At the Munich Security Conference last month, Chinese Vice Foreign Minister Fu Ying said the China-Japan relationship is “at its worst.” But that’s not the most colorful statement explaining, and contributing to, China-Japan tensions of late.
At Davos, a member of the Chinese delegation referred to Shinzo Abe and Kim Jong Un as “troublemakers,” lumping the Japanese prime minister together with the volatile young leader of a regime shunned by the international community. Abe, in turn, painted China as militaristic and overly aggressive, explaining how — like Germany and Britain on the cusp of World War One — China and Japan are economically integrated, but strategically divorced. Even J.K. Rowling has played her part in recent weeks, with China’s and Japan’s ambassadors to Britain each referring to the other country as a villain from Harry Potter.
Of course, actions speak louder than words — and there’s been no shortage of provocative moves on either side. In November, Beijing declared an East Asian Air Defense Identification Zone (ADIZ) — which requires all aircraft to follow instructions issued by Chinese authorities, even over contested territory, which pushed tensions to new highs. The following month, Abe visited Yasukuni Shrine — a site associated with Japanese World War militarism that makes it an automatic lightning rod for anti-Japanese sentiment among Japan’s neighbors.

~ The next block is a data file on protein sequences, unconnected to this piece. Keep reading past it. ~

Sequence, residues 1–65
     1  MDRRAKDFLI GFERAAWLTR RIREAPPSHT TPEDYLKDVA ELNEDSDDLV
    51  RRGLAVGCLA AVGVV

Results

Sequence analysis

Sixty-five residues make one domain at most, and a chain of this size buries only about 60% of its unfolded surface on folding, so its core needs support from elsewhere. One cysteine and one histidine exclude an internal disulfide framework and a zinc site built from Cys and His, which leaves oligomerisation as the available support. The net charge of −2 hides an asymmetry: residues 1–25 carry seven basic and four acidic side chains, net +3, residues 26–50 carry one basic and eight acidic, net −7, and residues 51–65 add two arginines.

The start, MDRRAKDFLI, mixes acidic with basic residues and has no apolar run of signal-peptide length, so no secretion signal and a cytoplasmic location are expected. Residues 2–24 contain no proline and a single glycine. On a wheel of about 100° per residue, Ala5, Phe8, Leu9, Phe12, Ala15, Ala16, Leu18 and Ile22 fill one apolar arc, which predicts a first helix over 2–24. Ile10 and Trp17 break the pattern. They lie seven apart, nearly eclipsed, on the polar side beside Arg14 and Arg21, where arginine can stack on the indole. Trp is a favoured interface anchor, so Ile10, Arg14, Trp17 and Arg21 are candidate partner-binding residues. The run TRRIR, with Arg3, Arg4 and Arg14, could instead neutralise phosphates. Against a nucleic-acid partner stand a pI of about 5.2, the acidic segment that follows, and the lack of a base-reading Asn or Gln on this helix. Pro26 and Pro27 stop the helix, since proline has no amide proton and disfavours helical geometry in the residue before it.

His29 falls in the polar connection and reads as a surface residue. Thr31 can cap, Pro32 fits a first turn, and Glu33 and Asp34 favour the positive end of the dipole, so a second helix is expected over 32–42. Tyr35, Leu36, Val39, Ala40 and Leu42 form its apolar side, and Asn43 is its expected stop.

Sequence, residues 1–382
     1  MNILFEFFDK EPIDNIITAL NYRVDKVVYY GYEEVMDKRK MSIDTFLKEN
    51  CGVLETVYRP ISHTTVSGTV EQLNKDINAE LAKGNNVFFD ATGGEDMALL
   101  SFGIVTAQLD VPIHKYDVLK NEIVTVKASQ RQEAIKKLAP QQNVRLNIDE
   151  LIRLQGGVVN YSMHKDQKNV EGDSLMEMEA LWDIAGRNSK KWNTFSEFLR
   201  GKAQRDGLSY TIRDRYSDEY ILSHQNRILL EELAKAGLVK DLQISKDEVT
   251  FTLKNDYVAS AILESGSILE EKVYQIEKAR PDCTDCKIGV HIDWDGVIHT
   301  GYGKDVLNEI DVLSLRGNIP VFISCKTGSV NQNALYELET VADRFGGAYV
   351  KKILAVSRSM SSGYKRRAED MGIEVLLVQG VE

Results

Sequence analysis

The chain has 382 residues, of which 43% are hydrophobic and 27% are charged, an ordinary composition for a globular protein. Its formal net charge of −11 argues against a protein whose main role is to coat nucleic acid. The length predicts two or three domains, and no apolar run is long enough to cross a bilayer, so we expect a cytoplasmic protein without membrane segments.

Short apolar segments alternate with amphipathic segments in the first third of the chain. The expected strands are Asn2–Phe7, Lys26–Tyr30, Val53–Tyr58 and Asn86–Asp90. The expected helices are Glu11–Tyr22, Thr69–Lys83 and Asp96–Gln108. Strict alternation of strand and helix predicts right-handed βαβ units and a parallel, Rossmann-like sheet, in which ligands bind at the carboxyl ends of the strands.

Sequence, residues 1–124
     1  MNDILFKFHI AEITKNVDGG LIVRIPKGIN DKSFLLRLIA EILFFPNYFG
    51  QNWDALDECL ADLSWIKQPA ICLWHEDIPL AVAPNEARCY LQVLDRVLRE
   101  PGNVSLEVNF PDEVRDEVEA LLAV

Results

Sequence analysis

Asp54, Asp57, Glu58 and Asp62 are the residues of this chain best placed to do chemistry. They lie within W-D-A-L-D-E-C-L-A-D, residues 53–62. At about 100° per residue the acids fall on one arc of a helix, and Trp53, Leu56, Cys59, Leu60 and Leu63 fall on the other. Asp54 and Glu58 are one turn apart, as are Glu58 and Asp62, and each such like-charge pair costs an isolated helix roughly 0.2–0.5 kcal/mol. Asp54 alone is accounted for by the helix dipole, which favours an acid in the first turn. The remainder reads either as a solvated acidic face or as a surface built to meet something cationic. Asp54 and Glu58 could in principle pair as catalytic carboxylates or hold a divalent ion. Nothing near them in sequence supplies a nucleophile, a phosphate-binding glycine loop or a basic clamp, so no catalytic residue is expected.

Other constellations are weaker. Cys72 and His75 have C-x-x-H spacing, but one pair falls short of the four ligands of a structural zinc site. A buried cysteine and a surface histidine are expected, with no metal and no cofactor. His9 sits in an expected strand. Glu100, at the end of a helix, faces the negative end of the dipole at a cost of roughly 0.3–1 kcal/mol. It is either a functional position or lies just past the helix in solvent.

But despite the clashes and growing conflict, it remains exceedingly unlikely that China-Japan fallout will escalate into military engagement. China won’t completely undermine economic relations with Japan; at the provincial level, Chinese officials are much more interested in attracting Japanese investment. And Japan still sees the success of its businesses in the vast Chinese market as an essential part of efforts to revive its own domestic economy, even if its companies are actively hedging their bets by shifting investment away from China. The relationship is unlikely to reach a boiling point. Rather, we are more likely to see sustained cycles of tension.
So if both sides intend to limit the potential for conflict, how concerned should we be? Even if military engagement is highly unlikely, China-Japan is still the world’s most geopolitically dangerous bilateral relationship and that will remain the case. There are a number of reasons why.